But the larger point is that her policy approach revealed all the impulses not of the New Centrism but the Old Leftism. Her statements were redolent of the 1990s phrase "command and control." They reflect a bias toward the old tax-raising on people who aren't rich, who aren't protected, the old "my friends and I know best, and we'll fill you dullards in on the details later."
For a few years now I've thought the problem for the Democrats in general but for Mrs. Clinton in particular is not that America is against tax increases. They've seen eight years of big spending, of wars, of spiraling entitlements. They've driven by the mansions of the megarich and have no sympathy for hedge fund/movie producer/cosmetics empire heirs. They sense the system is rigged toward the heavily protected. They sense this because they're not stupid.
The problem for Mrs. Clinton is not that people sense she will raise taxes. It's that they don't think she'll raise them on the real and truly rich. The rich are her friends. They contribute to her, dine with her, have access to her. They have an army of accountants. They're protected even from her.
Peggy divines that Hillary is an upper-class elitist who wants to turn the lower classes [note my Marxian categorizations] into a vise that will squeeze the usual suckers---the vast Middle Class America that constitutes our tax base and our moral backbone:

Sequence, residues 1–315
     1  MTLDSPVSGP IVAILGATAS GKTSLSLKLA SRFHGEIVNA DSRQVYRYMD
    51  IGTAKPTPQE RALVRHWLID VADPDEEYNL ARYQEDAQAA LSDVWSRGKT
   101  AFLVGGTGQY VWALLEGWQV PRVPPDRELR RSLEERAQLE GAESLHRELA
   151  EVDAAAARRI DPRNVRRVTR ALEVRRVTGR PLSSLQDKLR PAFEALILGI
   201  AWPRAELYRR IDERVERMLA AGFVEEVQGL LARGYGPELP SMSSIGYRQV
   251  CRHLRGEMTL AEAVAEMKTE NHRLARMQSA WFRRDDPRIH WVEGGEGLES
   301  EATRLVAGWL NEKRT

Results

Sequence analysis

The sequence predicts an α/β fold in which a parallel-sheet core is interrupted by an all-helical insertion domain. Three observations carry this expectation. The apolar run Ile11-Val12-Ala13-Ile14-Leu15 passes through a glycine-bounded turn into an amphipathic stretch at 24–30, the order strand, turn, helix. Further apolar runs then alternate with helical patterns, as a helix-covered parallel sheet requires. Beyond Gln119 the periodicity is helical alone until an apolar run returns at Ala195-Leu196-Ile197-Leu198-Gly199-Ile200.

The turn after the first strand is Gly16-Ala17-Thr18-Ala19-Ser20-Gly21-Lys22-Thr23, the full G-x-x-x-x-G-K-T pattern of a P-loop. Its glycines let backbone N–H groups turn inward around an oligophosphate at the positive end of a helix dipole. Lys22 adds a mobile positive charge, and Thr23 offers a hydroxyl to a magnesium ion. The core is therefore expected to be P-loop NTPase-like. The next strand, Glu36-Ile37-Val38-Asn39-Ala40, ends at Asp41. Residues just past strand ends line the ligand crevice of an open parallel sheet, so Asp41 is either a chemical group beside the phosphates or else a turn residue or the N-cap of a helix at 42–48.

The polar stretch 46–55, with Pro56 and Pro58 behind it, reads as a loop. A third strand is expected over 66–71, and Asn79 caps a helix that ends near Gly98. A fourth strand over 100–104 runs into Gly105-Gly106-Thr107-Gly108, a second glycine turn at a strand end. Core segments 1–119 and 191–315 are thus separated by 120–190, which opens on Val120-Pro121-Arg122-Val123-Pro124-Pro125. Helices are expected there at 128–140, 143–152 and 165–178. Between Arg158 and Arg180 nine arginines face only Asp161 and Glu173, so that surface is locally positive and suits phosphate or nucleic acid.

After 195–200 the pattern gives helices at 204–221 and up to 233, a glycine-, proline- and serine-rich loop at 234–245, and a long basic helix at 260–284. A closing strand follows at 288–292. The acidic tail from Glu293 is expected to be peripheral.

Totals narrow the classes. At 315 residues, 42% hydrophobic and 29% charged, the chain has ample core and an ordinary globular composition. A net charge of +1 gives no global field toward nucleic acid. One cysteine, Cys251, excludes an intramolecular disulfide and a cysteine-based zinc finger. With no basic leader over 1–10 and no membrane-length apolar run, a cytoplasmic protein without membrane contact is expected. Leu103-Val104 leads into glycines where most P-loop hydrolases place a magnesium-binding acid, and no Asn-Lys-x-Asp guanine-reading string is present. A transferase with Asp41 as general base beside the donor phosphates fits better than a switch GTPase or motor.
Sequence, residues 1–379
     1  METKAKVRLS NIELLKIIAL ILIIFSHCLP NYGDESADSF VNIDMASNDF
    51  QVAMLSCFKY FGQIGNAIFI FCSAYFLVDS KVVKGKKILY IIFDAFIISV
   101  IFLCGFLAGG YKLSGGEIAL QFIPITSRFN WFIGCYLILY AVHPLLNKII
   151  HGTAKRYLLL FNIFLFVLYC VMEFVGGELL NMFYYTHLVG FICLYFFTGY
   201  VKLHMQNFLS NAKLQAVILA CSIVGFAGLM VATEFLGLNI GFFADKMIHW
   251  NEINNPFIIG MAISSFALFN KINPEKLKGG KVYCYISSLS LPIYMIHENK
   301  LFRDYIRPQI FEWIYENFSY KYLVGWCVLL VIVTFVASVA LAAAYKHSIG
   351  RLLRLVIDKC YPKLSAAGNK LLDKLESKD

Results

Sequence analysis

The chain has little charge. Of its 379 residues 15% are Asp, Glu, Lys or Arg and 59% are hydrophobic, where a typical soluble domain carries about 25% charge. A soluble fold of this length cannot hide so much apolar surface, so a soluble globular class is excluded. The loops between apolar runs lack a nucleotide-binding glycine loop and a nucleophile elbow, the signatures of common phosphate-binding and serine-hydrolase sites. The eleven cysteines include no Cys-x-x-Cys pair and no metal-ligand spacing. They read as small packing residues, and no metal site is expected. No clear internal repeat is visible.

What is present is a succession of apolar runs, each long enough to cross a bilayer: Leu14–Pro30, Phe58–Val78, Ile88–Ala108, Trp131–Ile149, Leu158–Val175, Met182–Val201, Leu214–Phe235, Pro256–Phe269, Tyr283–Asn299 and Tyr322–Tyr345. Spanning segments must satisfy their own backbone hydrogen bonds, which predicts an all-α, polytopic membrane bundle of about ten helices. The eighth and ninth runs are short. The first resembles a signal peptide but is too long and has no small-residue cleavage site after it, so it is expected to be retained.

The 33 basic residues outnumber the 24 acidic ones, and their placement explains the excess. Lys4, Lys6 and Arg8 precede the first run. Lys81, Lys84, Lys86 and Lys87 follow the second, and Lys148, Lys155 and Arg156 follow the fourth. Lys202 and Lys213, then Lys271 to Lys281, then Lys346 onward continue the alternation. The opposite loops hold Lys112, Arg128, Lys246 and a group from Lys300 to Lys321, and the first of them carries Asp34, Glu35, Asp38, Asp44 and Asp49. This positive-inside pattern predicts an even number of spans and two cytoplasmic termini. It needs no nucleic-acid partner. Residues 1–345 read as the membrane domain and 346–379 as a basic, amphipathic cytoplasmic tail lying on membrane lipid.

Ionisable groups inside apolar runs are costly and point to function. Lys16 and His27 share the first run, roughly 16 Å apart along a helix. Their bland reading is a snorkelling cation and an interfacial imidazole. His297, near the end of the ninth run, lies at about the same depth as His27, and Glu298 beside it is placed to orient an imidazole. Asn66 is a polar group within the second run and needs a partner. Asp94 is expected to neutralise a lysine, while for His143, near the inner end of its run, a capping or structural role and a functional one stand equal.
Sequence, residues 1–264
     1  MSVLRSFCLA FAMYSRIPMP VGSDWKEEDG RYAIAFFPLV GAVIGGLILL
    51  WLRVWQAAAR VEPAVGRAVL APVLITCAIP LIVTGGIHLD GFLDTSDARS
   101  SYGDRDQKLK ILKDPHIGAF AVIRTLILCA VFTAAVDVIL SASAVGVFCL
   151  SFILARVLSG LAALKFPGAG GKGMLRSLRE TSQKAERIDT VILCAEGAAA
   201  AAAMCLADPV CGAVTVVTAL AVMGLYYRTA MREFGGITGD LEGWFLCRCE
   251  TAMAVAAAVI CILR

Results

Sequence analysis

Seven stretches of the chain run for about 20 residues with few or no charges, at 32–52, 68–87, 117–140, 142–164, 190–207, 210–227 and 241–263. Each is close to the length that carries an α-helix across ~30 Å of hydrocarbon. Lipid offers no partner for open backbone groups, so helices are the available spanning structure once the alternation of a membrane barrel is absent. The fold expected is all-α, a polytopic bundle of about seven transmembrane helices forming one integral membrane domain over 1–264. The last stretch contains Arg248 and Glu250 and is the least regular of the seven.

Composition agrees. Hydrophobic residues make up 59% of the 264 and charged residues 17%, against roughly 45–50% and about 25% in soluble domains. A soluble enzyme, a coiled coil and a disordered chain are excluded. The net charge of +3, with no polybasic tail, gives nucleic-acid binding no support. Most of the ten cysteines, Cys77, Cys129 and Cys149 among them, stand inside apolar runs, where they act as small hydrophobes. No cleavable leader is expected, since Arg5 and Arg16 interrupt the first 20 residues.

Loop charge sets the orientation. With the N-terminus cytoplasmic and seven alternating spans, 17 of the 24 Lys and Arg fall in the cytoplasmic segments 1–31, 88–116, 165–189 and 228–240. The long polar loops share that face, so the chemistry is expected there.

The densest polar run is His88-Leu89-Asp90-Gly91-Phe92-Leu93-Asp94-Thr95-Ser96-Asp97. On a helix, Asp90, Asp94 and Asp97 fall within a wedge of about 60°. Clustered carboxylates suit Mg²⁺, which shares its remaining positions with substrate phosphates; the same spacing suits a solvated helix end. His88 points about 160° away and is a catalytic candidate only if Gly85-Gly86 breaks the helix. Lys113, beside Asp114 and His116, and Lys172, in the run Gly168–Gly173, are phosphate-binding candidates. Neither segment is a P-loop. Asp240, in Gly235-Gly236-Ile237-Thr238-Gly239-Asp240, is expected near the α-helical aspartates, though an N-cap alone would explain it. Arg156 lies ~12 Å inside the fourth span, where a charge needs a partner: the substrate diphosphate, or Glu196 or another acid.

But she can stick it to others, and in the way of modern liberalism for roughly half a century now one suspects she'll define affluence down. That she would hike taxes on people who make $150,000 a year.
But those "rich"--people who make $200,000 and have two kids and a mortgage and pay local and state taxes in, say, New Jersey--they don't see themselves as rich. Because they're not. They're already carrying too much of the freight.
What Mrs. Clinton revealed the other night was more than an unfortunate persona. What I think she revealed was that her baseline thinking has perhaps not changed that much since the 1990s, when she was a headband wearing, power suited, leftist-who-hadn't-been-wounded-yet. It seemed to me she made it quite possible to assume you know who she'll be making war on. And this--much more than the latest scandal, the Chinatown funny money and the bundling--could, and I think would, engender real opposition down the road. The big chink in her armor is not stylistic, it is about policy. It is about the great baseline question in all political life: Whose ox is being gored?
Finally, Peggy points out that the Clinton Collective has perfected since the era of "bimbo eruptions" the ability to skate, evade, juke and feint around the myriad bundlings, Chinatowns, and other funding scandals:
In a funny way she's protected by her reputation. It's so well known it's not news. It doesn't make an impression anymore. People have pointed out her ethical lapses for so long that they seem boring, or impossible to believe. "That couldn't be true or she wouldn't be running for president." This thought collides with "And we already know all this anyway." Her campaign uses the latter to squash the latest: "old news," "cash for rehash."
Peggy thinks this time Hillary might have gone an equivocation too far. But I disagree. Some of the huge corporate tax-cows are betting on her socking it to the Middle Class and keeping them in her corner. They are betting on her by unbundled contributions that keep her even with Obama, who does appear to have a populist constituency.
Hillary's constituency remains the Mainstream Media, which can't wait to get the viewer/reader magnet Billy Jeff back into the White House, by hook or crook or via the kitchen entrance.